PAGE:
Living with Sudden Adult Death Syndrome (SADS)
- What is SADS?
- Who is at risk for SADS?
- How is SADS diagnosed?
- Can SADS be prevented?
- How do you prepare for SADS?
What is SADS?
Sudden Adult Death Syndrome (SADS) is an unexpected death of an adult over 1 year(s) of age. Most SADS events are followed by autopsies, investigations, and funerals. SADS is sometimes called “the long sleep” because of its permanence and characteristic loss of consciousness.
Who is at risk for SADS?
Over 55 million people die of SADS each year. That’s more than heart disease, old age, and cancer combined.
The following factors may increase your risk of SADS:
- a strict vegetarian diet
- attending work/school
- exercising religious/secular beliefs
- relavites with SADS
- having an astrological sign
- eating meat
- being born on a solar year
- eating after midnight
- the placebo effect
- vivid dreams
- having 10+ chromosomes
If you exhibit more than three signs listed above, please consider drafting an end-of-life plan as soon as possible.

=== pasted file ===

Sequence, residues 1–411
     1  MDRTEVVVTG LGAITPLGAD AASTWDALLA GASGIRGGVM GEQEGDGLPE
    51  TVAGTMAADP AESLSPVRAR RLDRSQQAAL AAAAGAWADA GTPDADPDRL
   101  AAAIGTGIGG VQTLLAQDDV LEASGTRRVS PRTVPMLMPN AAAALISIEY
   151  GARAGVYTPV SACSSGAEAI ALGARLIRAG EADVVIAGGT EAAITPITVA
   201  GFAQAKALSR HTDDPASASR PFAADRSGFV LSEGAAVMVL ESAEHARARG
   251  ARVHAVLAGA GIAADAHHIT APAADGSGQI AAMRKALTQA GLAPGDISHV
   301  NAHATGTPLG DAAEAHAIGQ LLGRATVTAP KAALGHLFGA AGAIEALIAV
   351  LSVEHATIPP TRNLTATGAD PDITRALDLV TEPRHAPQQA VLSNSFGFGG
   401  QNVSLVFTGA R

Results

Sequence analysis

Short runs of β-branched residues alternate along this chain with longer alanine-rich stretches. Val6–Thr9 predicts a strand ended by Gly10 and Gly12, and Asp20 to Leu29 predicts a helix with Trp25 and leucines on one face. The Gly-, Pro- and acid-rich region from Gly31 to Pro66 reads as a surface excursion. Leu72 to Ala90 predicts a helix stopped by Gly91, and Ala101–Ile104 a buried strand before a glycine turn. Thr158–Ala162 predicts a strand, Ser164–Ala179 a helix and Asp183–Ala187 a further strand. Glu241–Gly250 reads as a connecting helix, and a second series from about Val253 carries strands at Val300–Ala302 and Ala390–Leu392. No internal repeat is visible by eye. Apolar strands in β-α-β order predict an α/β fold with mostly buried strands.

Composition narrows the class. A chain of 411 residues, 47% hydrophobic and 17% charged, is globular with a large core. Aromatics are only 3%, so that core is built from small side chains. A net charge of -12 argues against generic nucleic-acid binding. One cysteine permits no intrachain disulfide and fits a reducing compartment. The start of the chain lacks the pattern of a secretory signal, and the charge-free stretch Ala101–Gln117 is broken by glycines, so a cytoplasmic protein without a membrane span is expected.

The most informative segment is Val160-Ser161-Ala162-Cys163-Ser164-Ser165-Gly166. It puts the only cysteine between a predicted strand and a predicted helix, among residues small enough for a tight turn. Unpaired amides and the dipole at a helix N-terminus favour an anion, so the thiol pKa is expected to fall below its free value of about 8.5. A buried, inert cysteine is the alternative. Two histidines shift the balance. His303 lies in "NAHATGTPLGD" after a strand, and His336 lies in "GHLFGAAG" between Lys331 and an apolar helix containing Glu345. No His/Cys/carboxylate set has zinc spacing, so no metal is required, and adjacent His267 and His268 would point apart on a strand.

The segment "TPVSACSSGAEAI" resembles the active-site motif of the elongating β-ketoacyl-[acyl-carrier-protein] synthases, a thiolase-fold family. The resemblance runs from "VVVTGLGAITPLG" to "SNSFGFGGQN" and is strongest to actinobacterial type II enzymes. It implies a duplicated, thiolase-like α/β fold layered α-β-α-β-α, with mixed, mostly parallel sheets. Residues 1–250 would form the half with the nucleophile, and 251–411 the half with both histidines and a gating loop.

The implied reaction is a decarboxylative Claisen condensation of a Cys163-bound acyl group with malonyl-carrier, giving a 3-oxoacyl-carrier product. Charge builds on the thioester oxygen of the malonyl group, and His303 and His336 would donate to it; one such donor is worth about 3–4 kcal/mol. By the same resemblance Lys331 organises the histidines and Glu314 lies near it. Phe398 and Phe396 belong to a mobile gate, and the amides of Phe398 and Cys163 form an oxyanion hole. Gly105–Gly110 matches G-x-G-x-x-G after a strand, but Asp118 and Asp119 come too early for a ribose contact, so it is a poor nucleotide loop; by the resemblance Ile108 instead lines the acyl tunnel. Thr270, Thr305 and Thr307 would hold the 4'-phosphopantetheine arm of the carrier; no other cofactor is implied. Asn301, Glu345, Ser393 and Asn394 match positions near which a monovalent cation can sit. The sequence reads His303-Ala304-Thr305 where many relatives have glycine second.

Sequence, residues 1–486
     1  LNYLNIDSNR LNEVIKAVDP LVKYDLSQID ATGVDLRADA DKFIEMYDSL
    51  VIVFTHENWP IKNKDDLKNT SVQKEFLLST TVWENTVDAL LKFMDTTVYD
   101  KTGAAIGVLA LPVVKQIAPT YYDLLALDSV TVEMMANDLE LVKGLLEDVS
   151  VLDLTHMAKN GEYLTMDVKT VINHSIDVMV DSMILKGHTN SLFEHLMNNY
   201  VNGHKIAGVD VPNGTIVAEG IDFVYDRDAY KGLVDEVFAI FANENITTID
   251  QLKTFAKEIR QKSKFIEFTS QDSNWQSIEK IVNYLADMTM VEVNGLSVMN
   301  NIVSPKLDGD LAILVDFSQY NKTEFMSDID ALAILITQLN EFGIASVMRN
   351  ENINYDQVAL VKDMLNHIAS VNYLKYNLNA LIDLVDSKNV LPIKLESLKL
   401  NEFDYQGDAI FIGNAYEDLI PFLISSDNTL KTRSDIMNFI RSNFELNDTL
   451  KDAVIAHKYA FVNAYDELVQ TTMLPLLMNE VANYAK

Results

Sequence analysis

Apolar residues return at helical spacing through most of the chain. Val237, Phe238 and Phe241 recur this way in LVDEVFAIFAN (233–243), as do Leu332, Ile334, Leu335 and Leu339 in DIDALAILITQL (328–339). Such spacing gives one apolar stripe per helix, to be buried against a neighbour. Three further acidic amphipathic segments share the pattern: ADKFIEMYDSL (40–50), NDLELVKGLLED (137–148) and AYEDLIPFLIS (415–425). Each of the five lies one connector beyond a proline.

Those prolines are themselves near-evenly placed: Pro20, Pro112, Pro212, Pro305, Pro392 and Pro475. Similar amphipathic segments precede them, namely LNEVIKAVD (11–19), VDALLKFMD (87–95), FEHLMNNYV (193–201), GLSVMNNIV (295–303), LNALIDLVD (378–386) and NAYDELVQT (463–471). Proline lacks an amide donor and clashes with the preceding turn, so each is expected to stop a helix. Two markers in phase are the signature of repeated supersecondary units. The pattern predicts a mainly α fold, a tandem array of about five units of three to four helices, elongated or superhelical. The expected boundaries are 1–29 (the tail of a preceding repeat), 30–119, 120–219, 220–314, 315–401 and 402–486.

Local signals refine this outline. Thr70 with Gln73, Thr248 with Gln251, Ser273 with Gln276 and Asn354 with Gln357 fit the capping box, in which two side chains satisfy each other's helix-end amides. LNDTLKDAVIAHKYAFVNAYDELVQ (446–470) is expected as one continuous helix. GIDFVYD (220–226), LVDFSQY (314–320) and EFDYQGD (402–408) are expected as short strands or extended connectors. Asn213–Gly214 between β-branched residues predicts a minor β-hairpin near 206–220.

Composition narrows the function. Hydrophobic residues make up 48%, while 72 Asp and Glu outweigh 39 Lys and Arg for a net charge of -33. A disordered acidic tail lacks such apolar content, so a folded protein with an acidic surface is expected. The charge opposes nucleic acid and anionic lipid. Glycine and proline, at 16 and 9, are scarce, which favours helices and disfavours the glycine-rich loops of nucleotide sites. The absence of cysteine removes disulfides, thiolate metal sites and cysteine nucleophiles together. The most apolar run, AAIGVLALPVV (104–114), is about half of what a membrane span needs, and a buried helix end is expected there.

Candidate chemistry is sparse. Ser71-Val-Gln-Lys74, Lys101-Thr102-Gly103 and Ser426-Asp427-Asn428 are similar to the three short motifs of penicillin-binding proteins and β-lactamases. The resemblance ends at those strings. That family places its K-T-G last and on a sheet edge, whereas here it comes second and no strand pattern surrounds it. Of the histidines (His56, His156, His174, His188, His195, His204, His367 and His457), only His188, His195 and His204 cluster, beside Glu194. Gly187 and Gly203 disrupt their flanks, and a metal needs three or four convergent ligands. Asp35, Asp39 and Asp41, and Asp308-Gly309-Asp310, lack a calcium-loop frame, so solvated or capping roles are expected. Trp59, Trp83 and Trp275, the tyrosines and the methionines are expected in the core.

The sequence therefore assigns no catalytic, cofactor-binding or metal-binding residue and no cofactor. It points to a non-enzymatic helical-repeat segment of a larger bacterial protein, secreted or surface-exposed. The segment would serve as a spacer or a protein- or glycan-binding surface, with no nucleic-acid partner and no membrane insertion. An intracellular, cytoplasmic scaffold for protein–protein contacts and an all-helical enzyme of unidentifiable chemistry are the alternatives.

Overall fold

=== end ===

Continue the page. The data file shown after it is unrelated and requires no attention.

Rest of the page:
How is SADS diagnosed?
Medical experts use a variety of tests to determine whether a corpse has experienced SADS during its lifetime.
Common symptoms of SADS include:
- loss of feeling in limbs, head, and torso
- visible skeleton
- merging with the void
- foul odor
- indifference to everything
- lack of movement
- slowly being forgotten
Can SADS be prevented?
Contrary to popular belief, anybody can avoid SADS with careful planning! Prevent SADS by (1) ending your life at a predetermined date/time, (2) perpetually expecting your bitter end, or (3) collecting all seven chaos emeralds.
How do you prepare for SADS?
Most people choose to accept (or ignore) life with SADS.
To better prepare yourself and your loved ones for unexpected SADS events, try some accepted best practices:
- go with the flow
- draft an uncontentious end-of-life plan in your early twenties
- keep no secrets; harbor no grudges; leave nothing unsaid
- learn to dance
- don’t become a career
- observe; curate attention
- try your hardest, but don’t try too hard
- ask for help
- be useful
- live with chaos
- update your end-of-life plan after every major life event
- play games without losing yourself in them
- take responsibility for choices and accidents; don’t foist blame
- ignore extrinsic motivations
- learn how to say sorry and ask for forgiveness
- purge possessions – you can’t take everything to your grave
- listen wholeheartedly to people; never interrupt
- accept pain; minimize suffering
- unravel your fears
- befriend Nature
- spend time wisely